In previous years, in the air-tight, air-conditioned, cement-walled room where visits with Marius used to transpire, the sweater was necessary for Peter to avoid catching a cold as a result of the visit.  Now we were outside.  The Texas sun can be very hot in March.  It was well into the 80's, and if you were standing on the grass there was no shade.  As Peter took his sweater off, it pulled his t-shirt up as well, so he was mostly topless for about half a second before he pulled his t-shirt back down.  

Marius flinched as if he had just been slapped.  This was clearly more flesh than he or many of the other prisoners had seen in a long time.  I'm sure other people noticed, but they tried to pretend they hadn't.  Marius explained that prisoners are expected to go into the bathroom just to do something like remove their sweater, lest they do exactly what Peter had just done, and inadvertently show some flesh for a moment.  Furthermore, the prisoners may never touch each other under any circumstances.  One of your parents just died while you were incarcerated and you could use a hug from a friend?  Too bad.

All of the prisoners are permanently clad in baggy blue or grey uniforms that seem to have been designed to make sure that no matter what the wearer looks like when dressed in anything else, they won't look good in these uniforms.  The uniforms the guards are stuck with are only slightly better.  This all contrasts markedly with the visitors there on visitor days (which is any weekend when the prison isn't on lockdown, in which case visitation hours can be canceled for the day).  The visitors are wearing the usual variety of clothing people wear when they're not in prison.  A large number of the visitors are children, from toddlers to teenagers, visiting their mothers.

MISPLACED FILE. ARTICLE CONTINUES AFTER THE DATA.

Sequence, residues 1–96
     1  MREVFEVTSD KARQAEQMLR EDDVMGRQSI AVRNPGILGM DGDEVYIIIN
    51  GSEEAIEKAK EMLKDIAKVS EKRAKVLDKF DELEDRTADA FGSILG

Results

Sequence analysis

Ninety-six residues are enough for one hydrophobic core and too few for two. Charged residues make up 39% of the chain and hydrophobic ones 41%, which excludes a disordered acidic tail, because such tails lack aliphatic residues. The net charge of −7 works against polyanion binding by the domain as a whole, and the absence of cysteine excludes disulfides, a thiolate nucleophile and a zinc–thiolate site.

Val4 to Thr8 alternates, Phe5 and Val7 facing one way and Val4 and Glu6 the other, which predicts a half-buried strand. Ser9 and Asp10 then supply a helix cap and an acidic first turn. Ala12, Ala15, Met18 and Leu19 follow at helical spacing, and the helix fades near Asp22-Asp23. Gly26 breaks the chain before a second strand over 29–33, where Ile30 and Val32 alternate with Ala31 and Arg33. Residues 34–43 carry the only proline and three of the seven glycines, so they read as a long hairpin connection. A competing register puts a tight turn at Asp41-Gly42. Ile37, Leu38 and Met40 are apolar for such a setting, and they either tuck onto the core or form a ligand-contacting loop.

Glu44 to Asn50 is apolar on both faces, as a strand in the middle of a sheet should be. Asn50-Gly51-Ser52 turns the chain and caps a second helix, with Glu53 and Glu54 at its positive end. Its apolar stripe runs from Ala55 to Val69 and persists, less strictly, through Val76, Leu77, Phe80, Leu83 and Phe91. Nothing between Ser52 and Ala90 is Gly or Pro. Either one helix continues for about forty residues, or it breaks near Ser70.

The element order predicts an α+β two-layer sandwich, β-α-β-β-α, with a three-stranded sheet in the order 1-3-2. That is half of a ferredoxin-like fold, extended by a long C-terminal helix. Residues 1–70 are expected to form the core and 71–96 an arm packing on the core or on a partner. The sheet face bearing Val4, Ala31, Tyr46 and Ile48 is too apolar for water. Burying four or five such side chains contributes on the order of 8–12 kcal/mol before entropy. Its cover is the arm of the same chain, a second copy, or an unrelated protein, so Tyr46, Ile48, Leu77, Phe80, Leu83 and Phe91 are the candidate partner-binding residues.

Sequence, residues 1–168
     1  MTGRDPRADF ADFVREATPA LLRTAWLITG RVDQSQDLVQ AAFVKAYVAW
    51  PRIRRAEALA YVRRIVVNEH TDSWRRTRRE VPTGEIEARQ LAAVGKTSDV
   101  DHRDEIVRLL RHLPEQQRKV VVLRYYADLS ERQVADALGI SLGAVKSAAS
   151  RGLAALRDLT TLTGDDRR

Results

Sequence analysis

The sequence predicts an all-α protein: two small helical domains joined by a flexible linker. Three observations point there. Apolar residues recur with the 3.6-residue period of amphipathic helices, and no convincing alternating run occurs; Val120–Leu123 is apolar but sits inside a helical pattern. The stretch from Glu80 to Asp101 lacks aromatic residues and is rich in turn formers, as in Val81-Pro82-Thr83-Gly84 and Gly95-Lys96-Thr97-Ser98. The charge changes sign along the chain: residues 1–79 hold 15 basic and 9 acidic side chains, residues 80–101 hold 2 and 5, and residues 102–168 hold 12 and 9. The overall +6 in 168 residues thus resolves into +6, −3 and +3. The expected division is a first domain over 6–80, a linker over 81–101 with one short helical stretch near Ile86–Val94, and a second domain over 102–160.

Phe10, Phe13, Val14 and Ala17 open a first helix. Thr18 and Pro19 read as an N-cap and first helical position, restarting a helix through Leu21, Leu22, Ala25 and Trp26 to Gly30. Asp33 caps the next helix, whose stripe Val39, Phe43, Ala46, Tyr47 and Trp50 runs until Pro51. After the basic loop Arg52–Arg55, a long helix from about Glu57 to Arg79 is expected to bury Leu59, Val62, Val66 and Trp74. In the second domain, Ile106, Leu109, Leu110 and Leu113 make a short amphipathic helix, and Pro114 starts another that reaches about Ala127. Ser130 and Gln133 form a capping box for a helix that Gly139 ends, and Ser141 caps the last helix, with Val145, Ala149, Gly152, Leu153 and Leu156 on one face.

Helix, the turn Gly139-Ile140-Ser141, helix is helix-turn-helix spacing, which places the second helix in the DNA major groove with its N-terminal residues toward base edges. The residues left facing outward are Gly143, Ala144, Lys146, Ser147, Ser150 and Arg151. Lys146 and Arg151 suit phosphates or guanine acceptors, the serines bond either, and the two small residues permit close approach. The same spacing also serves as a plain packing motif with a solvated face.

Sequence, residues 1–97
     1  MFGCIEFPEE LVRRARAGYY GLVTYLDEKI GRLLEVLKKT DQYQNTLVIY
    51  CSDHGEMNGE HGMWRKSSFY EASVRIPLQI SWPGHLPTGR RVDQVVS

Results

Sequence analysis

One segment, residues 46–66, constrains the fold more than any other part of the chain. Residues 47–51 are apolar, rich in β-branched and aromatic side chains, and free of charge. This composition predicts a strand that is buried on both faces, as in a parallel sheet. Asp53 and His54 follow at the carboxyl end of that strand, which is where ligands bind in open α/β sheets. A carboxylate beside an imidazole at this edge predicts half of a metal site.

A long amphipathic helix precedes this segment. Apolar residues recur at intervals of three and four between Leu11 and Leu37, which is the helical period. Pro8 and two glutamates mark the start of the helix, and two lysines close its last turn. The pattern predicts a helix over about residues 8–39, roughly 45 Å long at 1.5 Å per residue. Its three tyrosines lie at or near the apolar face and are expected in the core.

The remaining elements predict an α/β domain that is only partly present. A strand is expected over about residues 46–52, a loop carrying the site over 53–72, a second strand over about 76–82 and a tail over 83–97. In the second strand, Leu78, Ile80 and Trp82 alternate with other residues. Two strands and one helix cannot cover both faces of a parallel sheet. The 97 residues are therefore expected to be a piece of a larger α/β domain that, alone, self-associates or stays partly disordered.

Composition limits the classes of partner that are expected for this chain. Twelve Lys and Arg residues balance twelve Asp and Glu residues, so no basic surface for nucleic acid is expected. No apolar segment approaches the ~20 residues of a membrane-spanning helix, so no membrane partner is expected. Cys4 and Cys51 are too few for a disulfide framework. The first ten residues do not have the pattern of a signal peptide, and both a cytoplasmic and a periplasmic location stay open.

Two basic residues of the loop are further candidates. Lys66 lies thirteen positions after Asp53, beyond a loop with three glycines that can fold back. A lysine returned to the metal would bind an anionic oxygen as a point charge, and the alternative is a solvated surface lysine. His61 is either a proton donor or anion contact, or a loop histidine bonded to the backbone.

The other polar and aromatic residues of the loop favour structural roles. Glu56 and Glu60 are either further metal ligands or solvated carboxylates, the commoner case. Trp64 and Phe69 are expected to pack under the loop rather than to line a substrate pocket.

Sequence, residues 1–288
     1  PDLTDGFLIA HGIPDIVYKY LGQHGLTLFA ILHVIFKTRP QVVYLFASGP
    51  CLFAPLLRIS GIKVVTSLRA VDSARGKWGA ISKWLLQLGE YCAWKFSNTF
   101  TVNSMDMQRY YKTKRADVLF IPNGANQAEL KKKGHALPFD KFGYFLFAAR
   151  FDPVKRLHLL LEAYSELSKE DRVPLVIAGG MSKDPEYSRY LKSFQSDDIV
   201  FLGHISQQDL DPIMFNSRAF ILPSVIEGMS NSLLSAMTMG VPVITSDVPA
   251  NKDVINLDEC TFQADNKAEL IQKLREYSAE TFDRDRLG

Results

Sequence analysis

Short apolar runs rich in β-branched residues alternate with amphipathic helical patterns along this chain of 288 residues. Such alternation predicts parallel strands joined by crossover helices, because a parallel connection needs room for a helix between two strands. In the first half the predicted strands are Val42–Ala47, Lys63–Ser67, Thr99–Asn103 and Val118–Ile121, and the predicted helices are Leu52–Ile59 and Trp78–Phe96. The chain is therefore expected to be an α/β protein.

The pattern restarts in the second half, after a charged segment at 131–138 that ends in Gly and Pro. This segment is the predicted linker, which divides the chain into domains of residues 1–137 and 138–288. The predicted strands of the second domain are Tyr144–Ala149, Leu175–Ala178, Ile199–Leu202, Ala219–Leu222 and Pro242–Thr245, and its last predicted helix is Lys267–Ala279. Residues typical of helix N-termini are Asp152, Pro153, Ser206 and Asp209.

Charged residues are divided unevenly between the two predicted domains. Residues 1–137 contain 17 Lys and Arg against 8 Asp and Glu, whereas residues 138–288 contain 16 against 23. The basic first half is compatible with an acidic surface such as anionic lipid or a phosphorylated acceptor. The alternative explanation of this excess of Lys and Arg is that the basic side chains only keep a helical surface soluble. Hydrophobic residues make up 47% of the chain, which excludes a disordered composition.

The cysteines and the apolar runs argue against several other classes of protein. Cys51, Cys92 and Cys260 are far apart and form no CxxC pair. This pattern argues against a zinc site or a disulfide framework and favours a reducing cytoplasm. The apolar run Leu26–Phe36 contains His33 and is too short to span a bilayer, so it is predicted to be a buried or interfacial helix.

On visitation days the prisoners basically have to go without lunch.  Any prisoner with visitors isn't in their cell, so they don't get lunch.  Instead, prisoners and visitors alike are stuck with the vending machines, if any of them want to eat all day.  Visitors can't bring anything in other than a bit of money and their car keys -- no food, notepad, recording devices, musical instruments, whatever, nothing else.  In the big noisy room where most people hang out during visitation hours there are several vending machines.